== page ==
Tuesday, October 22, 2013

Laddie: A True Blue Story

Laddie: A True Blue Story by Gene Stratton-Porter is a lot like my mystery favorite The Mystery of Hunting's End.  No, it's not a crime novel.  But I have loved this book for a very long time for a lot of reasons.  Like Hunting's End, it came in a box of books from my Grandma.  It's a first edition--but it's a well-loved, well-used first edition.  The spine covering was none too firm when it arrived and it fell off altogether before I'd managed to read it the first time.  I taped up the binding to keep it as protected as possible and then proceeded to read and reread it.  

When I was young, I longed for a brother.  I grew up with two boy cousins who I adored and there would have been nothing finer, in my opinion, than to have a brother. When I read Laddie...all about Little Sister and how she loved her big brother best of all and what a fine young man Laddie was...well, I wanted a brother just like Laddie.  My cousins were pretty good substitutes, I must say.  They treated their younger cousin pretty well--and they were the next best thing since I had no brothers of my own,.

And, not only did Laddie remind me of my cousins, but Gene Stratton-Porter's stories took place in my neck of the woods.  Little Sister (whose real name is never mentioned) talks about her father selling apples and other goods in Ft. Wayne--which was only an hour away from where I lived.  It was the first book I read that took place in Indiana--and in the very area where I grew up.

Laddie's story is a very sweet, family-oriented one.  Laddie and Little Sister are part of a huge family with twelve children and a mother and father who love each other and their children with all their hearts and who love God most of all.  Their main Christian precept is that God is Love and they show their love to their family, their friends, their neighbors, and even the strangers who come to live and resist becoming part of the community.  It is a very idealistic view of family life in the late 1800s--but it is very nice to think that folks could really be that way.  That they could live the Golden Rule and yet be strong people who stand up for their own.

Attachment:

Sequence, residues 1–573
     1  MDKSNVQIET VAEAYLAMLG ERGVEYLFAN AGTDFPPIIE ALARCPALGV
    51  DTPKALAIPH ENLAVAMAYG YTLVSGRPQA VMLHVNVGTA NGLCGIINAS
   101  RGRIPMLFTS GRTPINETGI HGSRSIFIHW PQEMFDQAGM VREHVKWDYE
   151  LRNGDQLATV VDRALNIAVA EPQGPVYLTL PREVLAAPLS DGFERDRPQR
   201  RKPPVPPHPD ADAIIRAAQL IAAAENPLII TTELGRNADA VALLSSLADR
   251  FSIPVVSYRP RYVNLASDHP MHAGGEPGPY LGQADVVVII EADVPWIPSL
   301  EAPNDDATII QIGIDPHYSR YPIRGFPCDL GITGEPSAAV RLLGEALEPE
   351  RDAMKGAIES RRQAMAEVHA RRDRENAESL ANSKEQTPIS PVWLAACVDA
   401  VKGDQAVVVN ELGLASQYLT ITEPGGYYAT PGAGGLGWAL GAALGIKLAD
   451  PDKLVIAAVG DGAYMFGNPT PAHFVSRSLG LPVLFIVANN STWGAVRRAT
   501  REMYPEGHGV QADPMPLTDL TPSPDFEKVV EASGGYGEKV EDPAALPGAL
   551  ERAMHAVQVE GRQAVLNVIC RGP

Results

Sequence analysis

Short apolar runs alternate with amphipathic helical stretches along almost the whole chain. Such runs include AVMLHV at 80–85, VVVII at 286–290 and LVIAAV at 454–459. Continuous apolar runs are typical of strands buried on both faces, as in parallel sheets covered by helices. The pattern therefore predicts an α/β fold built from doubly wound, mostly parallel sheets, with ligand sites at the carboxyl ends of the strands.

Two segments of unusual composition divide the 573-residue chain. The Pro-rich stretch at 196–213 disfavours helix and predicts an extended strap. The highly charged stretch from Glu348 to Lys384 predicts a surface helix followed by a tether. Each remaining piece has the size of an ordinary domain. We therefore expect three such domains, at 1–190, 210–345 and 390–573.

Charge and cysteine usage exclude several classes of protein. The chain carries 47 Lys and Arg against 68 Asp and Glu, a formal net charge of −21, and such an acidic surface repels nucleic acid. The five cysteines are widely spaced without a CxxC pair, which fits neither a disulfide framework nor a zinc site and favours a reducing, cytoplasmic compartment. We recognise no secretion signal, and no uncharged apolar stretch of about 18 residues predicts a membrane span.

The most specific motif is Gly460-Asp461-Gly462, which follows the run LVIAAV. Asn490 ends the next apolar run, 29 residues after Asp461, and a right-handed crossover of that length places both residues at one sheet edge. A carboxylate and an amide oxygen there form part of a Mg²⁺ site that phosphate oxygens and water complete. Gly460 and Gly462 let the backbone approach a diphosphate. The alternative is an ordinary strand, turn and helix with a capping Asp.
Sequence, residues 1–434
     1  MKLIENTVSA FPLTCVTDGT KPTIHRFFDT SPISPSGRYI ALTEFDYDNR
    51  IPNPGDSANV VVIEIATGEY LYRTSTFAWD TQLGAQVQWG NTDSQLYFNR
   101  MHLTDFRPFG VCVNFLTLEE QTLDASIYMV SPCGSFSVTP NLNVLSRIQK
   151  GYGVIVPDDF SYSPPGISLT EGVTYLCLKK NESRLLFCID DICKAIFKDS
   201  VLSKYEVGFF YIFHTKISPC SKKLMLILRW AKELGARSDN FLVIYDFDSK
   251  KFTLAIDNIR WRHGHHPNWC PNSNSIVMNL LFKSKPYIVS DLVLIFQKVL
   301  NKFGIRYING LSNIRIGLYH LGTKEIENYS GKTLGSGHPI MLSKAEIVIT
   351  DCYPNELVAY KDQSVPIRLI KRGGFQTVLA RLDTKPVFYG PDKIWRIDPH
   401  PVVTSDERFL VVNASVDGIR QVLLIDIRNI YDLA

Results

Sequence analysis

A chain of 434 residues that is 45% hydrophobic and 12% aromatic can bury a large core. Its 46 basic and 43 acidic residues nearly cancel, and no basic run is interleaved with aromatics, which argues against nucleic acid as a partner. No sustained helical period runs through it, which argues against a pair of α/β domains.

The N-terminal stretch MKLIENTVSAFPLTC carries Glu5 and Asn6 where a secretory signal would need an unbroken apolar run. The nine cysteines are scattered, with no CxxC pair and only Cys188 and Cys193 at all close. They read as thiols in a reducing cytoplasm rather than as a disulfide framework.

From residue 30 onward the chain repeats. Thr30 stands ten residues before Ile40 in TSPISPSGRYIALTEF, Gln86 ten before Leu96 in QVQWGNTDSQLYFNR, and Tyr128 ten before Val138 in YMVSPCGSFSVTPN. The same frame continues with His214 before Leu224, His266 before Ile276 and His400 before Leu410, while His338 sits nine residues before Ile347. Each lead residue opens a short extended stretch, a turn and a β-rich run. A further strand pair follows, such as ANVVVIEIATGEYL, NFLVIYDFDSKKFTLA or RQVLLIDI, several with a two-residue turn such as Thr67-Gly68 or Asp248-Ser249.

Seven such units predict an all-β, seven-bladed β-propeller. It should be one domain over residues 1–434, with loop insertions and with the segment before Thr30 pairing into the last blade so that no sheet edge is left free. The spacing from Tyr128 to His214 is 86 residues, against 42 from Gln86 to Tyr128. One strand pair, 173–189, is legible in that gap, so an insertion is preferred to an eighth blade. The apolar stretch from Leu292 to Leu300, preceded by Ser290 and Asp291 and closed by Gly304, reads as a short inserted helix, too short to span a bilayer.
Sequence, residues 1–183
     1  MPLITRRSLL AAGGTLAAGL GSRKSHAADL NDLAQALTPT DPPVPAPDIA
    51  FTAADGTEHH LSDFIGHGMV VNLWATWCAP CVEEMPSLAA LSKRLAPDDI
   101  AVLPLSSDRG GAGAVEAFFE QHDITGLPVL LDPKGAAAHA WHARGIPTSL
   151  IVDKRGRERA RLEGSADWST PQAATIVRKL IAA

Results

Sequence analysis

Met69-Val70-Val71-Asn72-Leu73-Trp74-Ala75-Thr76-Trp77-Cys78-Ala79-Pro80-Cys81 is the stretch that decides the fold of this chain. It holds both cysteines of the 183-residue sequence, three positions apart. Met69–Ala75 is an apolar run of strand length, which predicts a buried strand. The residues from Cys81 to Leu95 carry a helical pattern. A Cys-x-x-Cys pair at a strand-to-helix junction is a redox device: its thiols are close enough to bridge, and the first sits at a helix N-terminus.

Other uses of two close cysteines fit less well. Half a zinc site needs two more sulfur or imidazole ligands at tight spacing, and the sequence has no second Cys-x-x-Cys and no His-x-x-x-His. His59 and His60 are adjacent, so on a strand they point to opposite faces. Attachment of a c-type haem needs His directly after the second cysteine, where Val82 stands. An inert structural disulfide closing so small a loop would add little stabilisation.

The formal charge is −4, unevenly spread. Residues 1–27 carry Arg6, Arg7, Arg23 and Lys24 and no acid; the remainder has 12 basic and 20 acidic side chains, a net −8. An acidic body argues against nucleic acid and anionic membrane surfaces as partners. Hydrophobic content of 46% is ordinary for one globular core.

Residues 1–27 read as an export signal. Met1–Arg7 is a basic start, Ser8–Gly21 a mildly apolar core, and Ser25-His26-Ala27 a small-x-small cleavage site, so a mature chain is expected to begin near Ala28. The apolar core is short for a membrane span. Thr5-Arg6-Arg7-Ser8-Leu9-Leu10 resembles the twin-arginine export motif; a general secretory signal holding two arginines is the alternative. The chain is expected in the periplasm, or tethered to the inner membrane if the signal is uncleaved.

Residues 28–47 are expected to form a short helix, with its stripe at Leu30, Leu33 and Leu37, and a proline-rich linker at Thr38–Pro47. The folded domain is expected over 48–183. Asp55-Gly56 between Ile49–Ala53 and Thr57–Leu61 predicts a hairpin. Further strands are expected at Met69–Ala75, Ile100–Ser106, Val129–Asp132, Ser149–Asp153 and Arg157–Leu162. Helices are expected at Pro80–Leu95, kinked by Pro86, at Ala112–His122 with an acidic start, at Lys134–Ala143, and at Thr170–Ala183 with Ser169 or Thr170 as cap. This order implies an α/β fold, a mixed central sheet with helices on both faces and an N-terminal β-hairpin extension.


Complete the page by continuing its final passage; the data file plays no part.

The story is also about Laddie and his love for the strangers' lovely daughter.  It's about his efforts to break through their resistance and show them what friendship and love are all about.  It's about faith...faith in your friends, faith in your family, and faith in God to see you through.  And....actually there is a bit of a mystery.  The strangers....the Pryors have a secret trouble.  It's a trouble that keeps them to themselves and makes Mrs. Pryor white-faced, weak, and heart-broken.  It's a mystery that will have to be solved before Laddie can have his girl and the Pryors can truly become part of the community.  And Little Sister plays a major role in helping the happy ending come about.
 
There are some stories that having read them when you are young, you just can't go back to.  Either you've outgrown them or you've since read other books that make them seem unlikely or something has happened to change your point of view.  Whatever it may be....it's just not the same.  When I sat down to read Laddie, it was like 30-some years just fell away.  The story was just as dear and appealing as it was all those years ago when I longed for a big brother like Laddie.  Five stars for a lovely trip down memory lane and a memorable story that has stood the test of time.

Quotes:

Secrets with Laddie were the greatest joy in life. He was so big and so handsome. He was so much nicer than any one else in our family, or among our friends, that to share his secrets, run his errands, and love him blindly was the greatest happiness. Sometimes I disobeyed father and mother; I minded Laddie like his right hand. (p. 1)

As long as there had been eleven babies, they should have been so accustomed to children that they needn't all of them have objected to me, all except Laddie, of course. That was the reason I loved him so and tried to do every single thing he wanted me to, just the way he liked it done. That was why I was facing the only spot on our land where I was the slightest afraid; because he asked me to. If he had told me to dance a jig on the ridgepole of our barn, I would have tried it. (p. 6)

Do you know that being a stranger is the hardest thing that can happen to any one in all this world? ~Pamela Pryor (p. 16)

Maybe after all it's a good thing to tell people about their meanness and give them a stirring up once in a while. (p. 49)

You always must answer politely any one who speaks to you; and you get soundly thrashed, at least at our house, if you don't be politest of all to an older person especially with white hair.  Father is extremely particular about white hair. (p. 52)

Mother always tells me not to repeat things; but I'm not smart enough to know what to say, so I don't see what is left but to tell what mother, or father, or Laddie says when grown people ask me questions. (p. 58)

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